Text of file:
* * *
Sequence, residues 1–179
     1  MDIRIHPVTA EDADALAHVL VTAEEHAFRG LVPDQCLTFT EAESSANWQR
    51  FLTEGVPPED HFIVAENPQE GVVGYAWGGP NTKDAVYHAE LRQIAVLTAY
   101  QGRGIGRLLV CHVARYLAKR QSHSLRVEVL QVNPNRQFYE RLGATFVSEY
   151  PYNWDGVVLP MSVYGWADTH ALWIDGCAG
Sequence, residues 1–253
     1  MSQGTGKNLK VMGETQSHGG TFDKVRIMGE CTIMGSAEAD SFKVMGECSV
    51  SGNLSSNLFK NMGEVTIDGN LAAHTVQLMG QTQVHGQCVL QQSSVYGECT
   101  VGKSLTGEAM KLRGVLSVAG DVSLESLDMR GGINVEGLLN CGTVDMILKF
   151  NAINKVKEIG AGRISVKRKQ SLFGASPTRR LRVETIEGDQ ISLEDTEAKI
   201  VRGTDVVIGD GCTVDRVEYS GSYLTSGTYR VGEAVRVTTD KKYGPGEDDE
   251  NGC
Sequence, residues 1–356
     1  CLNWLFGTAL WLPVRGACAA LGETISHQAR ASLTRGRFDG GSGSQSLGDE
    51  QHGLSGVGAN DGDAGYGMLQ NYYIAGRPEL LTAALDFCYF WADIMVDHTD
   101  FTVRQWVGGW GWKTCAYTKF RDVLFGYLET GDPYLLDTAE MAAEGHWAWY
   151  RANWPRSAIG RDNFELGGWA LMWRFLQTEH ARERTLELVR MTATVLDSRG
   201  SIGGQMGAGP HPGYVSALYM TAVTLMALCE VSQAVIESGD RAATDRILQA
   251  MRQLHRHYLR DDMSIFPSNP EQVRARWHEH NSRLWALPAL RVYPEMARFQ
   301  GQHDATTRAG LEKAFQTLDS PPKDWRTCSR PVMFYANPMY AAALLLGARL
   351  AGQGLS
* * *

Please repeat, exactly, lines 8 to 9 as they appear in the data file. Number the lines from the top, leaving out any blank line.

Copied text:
    51  SGNLSSNLFK NMGEVTIDGN LAAHTVQLMG QTQVHGQCVL QQSSVYGECT
   101  VGKSLTGEAM KLRGVLSVAG DVSLESLDMR GGINVEGLLN CGTVDMILKF